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PHARR, RGV – If children are inspired enough, they develop the confidence to become our future science and technology leaders, according to organizers with For Inspiration and Recognition of Science and Technology (FIRST).

By engaging the youth in mentor-based programs, organizers with FIRST-RGV say they seek to build science, engineering and technology skills that will inspire innovation in kids from the Rio Grande Valley.

These are the skills that will foster well-rounded life capabilities including self-confidence, communication, and eventually leadership, according to Pharr Director of Innovation and Technology Jason Arms.

Pharr has emerged as the operational partner, coordinating the organization’s various programs and competitions Valley-wide.

“We think of FIRST as a career path. We start with kids in the younger generation for kids as young as kindergartners and go all the way up,” said Arms, who is Pharr’s point person for FIRST-RGV. “It promotes team building from kids at a young age, and by the time they’re done with the program they are experts at it. They qualify for all these grant programs, more than $20 million a year in grants.”

“What we want to do is, if there is a child who wants to build a robot or has the inspiration to get involved, we don’t want to leave anybody behind,” Arms said.

FIRST is the name of the non-profit organization devoted to helping young people between the ages of six and 18 discover and nurture a passion for science, technology, engineering and math (STEM).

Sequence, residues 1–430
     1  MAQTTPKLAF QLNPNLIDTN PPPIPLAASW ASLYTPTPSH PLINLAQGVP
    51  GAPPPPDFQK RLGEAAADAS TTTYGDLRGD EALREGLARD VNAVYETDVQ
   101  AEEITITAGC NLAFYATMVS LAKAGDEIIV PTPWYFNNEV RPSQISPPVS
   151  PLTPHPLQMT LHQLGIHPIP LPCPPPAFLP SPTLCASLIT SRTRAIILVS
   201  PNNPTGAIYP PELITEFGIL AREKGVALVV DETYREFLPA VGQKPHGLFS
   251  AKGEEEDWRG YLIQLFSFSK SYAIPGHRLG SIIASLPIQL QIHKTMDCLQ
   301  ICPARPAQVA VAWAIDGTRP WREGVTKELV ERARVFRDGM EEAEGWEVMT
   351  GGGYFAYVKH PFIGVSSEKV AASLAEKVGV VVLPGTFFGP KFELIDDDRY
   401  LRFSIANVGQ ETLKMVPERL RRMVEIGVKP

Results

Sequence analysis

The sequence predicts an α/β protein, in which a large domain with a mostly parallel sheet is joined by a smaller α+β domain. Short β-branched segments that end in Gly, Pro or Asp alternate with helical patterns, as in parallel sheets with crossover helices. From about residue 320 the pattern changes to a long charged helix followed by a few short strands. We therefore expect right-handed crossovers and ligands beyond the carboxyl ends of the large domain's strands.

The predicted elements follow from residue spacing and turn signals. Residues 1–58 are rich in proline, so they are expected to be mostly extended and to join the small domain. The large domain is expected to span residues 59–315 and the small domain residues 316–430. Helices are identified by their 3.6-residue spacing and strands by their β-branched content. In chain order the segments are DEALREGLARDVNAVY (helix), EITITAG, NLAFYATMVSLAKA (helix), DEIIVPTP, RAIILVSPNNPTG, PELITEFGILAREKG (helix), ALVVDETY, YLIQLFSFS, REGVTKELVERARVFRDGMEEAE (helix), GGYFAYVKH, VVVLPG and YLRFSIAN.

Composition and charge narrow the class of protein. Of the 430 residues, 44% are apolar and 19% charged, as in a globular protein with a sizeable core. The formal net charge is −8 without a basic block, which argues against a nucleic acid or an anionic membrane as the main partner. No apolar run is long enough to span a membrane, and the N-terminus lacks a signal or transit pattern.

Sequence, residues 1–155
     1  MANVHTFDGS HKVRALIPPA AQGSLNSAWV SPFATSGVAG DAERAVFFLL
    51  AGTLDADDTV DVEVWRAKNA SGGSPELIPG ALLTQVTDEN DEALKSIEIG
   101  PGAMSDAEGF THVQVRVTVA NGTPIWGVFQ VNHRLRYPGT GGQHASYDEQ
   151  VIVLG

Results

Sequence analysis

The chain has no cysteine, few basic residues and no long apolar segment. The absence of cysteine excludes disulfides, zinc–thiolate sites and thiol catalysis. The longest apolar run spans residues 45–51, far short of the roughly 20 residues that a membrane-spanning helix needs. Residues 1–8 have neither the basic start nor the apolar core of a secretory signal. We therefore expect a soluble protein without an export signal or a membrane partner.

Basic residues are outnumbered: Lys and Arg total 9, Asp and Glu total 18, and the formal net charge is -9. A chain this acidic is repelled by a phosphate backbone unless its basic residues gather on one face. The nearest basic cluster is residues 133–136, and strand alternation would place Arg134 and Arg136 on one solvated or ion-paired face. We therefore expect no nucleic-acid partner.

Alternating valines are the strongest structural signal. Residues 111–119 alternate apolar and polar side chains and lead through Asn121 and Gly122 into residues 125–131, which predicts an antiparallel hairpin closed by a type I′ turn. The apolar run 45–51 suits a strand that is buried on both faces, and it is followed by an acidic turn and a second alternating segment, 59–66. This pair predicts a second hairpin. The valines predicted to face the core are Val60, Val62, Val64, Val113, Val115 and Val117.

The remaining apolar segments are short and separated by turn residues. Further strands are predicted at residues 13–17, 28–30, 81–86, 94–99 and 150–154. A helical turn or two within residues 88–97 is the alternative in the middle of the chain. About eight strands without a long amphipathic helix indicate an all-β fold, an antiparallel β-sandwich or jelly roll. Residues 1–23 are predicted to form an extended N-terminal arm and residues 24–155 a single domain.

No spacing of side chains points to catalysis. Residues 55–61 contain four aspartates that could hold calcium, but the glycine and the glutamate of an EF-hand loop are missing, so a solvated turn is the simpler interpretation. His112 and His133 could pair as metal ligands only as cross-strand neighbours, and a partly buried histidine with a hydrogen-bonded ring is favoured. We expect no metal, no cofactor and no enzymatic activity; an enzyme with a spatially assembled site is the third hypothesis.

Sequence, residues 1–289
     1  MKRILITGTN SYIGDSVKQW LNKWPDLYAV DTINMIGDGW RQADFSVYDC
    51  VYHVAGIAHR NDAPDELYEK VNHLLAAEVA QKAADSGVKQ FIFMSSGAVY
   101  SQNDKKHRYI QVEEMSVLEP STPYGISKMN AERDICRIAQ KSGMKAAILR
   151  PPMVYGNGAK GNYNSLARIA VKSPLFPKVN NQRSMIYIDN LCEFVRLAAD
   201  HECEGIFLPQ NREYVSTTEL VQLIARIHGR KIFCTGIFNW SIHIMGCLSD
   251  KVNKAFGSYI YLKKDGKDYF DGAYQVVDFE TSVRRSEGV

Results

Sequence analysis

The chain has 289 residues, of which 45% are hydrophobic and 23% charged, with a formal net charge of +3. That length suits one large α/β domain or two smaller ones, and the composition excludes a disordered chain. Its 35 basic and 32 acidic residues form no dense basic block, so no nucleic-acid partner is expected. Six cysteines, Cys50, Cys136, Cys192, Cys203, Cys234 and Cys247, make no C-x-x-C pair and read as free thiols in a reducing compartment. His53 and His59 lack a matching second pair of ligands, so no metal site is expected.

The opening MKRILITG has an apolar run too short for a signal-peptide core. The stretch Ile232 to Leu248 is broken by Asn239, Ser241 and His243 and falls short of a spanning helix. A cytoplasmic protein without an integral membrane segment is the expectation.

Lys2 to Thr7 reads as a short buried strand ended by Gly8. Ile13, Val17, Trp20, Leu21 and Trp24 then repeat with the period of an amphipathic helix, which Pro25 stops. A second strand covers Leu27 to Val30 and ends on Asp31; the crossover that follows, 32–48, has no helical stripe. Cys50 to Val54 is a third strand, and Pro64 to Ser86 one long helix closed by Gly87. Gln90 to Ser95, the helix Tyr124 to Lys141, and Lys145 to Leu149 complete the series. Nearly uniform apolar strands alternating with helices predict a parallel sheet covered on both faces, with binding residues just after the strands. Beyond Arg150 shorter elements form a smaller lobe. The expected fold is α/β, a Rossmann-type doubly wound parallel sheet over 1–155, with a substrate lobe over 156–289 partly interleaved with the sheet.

The organization was founded in 1989 by inventor and entrepreneur Dean Kamen in order to motivate students into STEM careers. Participants master skills and concepts to aid in learning science and technology through innovative projects and robotics competitions designed for students of all ages.

“We are working with Pharr because the city is the hub, and they are the supporting group of all teams,” said Veronica Baca, an instructional technologist from Harlingen CISD, and FIRST senior mentor. “We are building workers who are ready for the workforce…and we offer support in its development.”

Competition season for FIRST is well underway. Pharr, in conjunction with UT-Rio Grande Valley and the City of Harlingen initially held its FIRST-RGV Robotics Workshop in September in Edinburg.

The event was held as an opportunity for students from across the Rio Grande Valley to explore their interests in robotics through a serious of fun and challenging projects.

Speaking to more than 500 local students at the event, Pharr Mayor Dr. Ambrosio Hernandez said he has witnessed first-hand how robots are paving the way for advancements in the various fields, including his own.

“As a pediatric surgeon, I have witnessed firsthand how the evolution of robotics has greatly enhanced our capabilities as surgeons,” Hernandez said. “With the enhanced techniques offered by robotic surgery, we are seeing enhanced and improved outcomes and minimal complications. Robotics is really changing the landscape of how our world operates, and the implications are remarkable.”

Medical technology is skyrocketing in the region, according to Arms. A major component of FIRST also ensures that kids are familiar with marketing and business strategies for their creations, he said.

Parents are encouraged to seek more information online at FIRSTRGV.org.

“Medical (technology) is taking off down here. We have Space X now, so there is that industry which of course uses robotics. The Maquilas use robotics big time,” Arms said.

“It’s not just about kids getting together and building a robot. It’s building a marketing program. They have to do an engineering book on how they built the robot. They have to go out and solicit sponsorships for their robot.”